• RefuelEU: Delta, IATA and A4A advocated for the EU to adopt incentives for SAF development and deployment, noting that the RefuelEU SAF mandate contained in the EU’s Fit for 55 package mandates SAF supply without appropriate incentives to enable cost-effective investment to drive market development.

American Fuel and Petrochemical Manufacturers (AFPM)


AFPM is the leading trade association representing the fuel and petrochemical manufacturing and refining industry. Its mission includes educating policymakers, the media and the public on the value its members and their products provide the nation and the world, as well as providing strategic business and technical information to its members, among other items.

Delta/Monroe Involvement:
Monroe is a dues-paying member of AFPM. It has a representative on AFPM’s Board of Directors (as do all other members) and on AFPM’s Executive Committee. Monroe also has representatives on issue-specific committees, including environmental, fuels and government relations.

Advocacy is only one element of Monroe’s engagement with AFPM. It utilizes its membership to stay informed on and contribute to best practices in the industry, covering a variety of issues beyond climate change, such as safety, environmental stewardship and operational performance. Therefore, we believe the overall benefits of engagement outweigh identified concerns.


AFPM is committed to engaging in the discussion and development of sound climate change policies. The association acknowledges climate change is real and is committed to the development of sound policies that enable its members to supply the fuel and petrochemicals that growing global populations and economies need to thrive and to do so in an environmentally sustainable way. Policies addressing climate change must be:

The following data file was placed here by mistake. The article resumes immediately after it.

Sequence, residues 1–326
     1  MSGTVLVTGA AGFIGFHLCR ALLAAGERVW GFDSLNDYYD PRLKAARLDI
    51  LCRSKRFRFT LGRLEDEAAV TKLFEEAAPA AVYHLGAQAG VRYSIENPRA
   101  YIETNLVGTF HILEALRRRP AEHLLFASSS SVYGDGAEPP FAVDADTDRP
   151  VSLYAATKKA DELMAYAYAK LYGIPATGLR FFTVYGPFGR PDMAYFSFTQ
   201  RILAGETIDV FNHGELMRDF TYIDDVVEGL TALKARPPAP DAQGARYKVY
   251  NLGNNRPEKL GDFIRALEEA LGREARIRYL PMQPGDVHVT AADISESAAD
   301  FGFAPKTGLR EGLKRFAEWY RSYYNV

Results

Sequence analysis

• Balanced and measured to improve quality of life, ensuring the long-term economic, energy and environmental needs of humanity are met;
  • Protective of U.S. competitiveness, including preventing the shifting of production, jobs and emissions from the United States to other countries;
  • Harmonized, preemptive and economy-wide;
  • Simple and transparent; and
  • Achievable and flexible to adjust, as necessary.


While AFPM’s climate policy is not aligned with our net-zero ambition, we believe in the value of influencing from the inside, and Monroe has been able to help champion constructive viewpoints and perspectives on renewable fuels such as SAF through its involvement and unique vantage point.

Monroe works alongside AFPM to advance policies that mitigate the economic hardship of RFS compliance as well as a diverse array of matters impacting the overall industry.

An area of particular visibility in 2023 where AFPM was active – which without additional context could be viewed as misaligned with Delta’s net-zero objectives – includes its advocacy around zero emission vehicle (ZEV) mandates at the state and federal levels.

  • ZEV Mandates: AFPM has filed comments and supported legislation in opposition to policy efforts to accelerate investment in ZEVs. Both AFPM and Monroe supported the Preserving Choice in Vehicle Purchasing Act, for example, which would prevent the state of California from limiting the sale or use of new motor vehicles with internal combustion engines. AFPM and Monroe view this initiative as ensuring a future for liquid fuels, inclusive of renewable biofuels, in the on-road vehicle market while maintaining consumer choice in vehicle purchasing decisions.


Delta appreciates that many factors surrounding our ambitious climate goals are outside our control and will require significant capital investment, government policies and incentives, dedicated R&D and the transformation of some of the world’s largest industries. As highlighted in this appendix, one critical component of the advancement and ultimate achievement of our climate goals is effective public policy engagement, including direct and indirect lobbying activities. Delta remains committed to being a voice of leadership on climate policy issues that impact our business and stakeholders.